Oscar History

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Entries in Venice (41)


Venice Prizes for La La & Lav

The 73rd annual Venice Film Festival came to a close today and with that comes jury prizes. Here's the list

Lav Diaz new film "The Woman Who Left" is inspired by Tolstoy's book "God Sees the Truth, But Waits". It's four hours long and took the top Venice prize.

Main Competition Jury (Jury President Sam Mendes)
Golden Lion: The Woman Who Left (Lav Diaz)
Grand Jury Prize: Nocturnal Animals (Tom Ford)
Silver Lion (Best Director): [tie] Amat Escalante for The Untamed and Andrei Konchalovsky for Paradise
Volpi Cup Best Actress: Emma Stone for La La Land
Volpi Cup Best Actor: Oscar Martínez for The Distinguished Citizen
Mastroianni Award for Best Young Actor: Paula Beer for Frantz 

A FEW NOTES on the winners after the jump...

Click to read more ...


La La Land Razzle Dazzles Venice

Classic musicals from Singing in the Rain to An American in Paris to The Umbrellas of Cherbourg are being invoked to praise La La Land. There are comparisons to golden age stars like Shirley MacLaine, Grace Kelly and Gene Kelly. The Damien Chazelle film, starring Emma Stone and Ryan Gosling, has critics at Venice falling in love and believing in the magic of cinema again. La La Land just topped our most anticipated fall film list and it looks like the excited anticipation was proven correct just a day later.

Here is an assortment of what is being said...

Click to read more ...


Team Experience's Most Anticipated Fall Festival Films

Oscar season is upon the horizon, dear readers. And the (un)official starting siren for the race ahead is the fall festivals. Venice kicks off tomorrow, overlapping with Telluride and Toronto in September, the comes New York and Chicago before the AFI Fest in November.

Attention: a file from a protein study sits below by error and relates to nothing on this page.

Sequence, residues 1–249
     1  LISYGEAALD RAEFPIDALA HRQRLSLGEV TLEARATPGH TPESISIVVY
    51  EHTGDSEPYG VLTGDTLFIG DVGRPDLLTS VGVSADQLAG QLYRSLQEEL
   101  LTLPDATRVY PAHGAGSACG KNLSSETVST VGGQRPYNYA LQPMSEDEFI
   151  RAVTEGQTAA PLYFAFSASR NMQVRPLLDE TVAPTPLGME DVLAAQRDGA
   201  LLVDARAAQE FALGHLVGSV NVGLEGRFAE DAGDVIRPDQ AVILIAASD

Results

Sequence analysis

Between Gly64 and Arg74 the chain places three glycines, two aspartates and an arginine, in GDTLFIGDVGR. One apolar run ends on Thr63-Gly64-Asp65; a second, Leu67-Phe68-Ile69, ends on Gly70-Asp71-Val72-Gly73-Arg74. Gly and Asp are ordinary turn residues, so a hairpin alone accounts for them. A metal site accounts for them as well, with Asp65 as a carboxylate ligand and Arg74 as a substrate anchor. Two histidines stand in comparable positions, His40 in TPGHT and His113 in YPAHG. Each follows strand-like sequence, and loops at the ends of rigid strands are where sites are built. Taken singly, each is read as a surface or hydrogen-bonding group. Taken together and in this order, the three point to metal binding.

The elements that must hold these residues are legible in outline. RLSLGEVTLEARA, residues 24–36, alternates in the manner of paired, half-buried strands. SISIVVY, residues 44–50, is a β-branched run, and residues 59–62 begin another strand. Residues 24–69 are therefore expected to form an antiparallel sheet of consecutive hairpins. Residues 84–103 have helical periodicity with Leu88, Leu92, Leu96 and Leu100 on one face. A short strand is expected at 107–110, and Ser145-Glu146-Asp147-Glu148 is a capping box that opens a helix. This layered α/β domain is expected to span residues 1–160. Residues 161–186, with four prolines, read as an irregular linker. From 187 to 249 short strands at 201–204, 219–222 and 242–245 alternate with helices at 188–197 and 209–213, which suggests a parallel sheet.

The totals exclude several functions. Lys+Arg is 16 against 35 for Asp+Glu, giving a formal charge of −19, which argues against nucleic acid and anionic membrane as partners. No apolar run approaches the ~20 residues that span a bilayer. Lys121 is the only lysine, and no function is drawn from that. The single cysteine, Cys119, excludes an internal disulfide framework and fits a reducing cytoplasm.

Our host Nathaniel will be heading out to Toronto in a few short days, so expect to see his responses during those days. While we can't all take in the glut of a major film festival, the fun of watching from home is hearing how the films on your radar are being received. So to let you know what we'll be waiting for, Team Experience has rallied our:

Top 15 Most Anticipated Films of the Fall Festivals


Films narrowly missing the list included Una, Voyage of Time, Loving, American Pastoral, and The Salesman. On our list you'll find five films directed by women and nine from non-US directors. We weren't at Cannes or Sundance, so not everything on our list is a world premiere (and we know you're still looking forward to those as well). Let's just say our #1 made like Katie Ledecky at the Olympics or Mo'Nique at the Oscars, but the list is still bursting with enticements. You can see previous posts on the festival lineups here and here. Chicago is just beginning to announce and Telluride doesn't announce their lineup until the start of the festival.

See what made our list and the festivals they will play after the jump...

Click to read more ...


Elisabeth Moss Rocks The Bleeder

by Murtada

A clip should give us a small taste that makes us want to see the movie it’s from. Unlike trailers, clips can’t be manipulated with mood and music, which is why sometimes they are jarring and don’t work out of context. But not this clip.

This clip from The Bleeder has it all. It’s like a short film with a complete story. Even if you knew nothing about the movie, you’d still get a full portrait of two of its character. One is a philandering husband (Liev Schreiber), the other is his wife (Elisabeth Moss) catching him in flirting with another woman in a diner. We know the setting because of the spot on accent from Moss. And watching Moss talk we understand a lot about this marriage.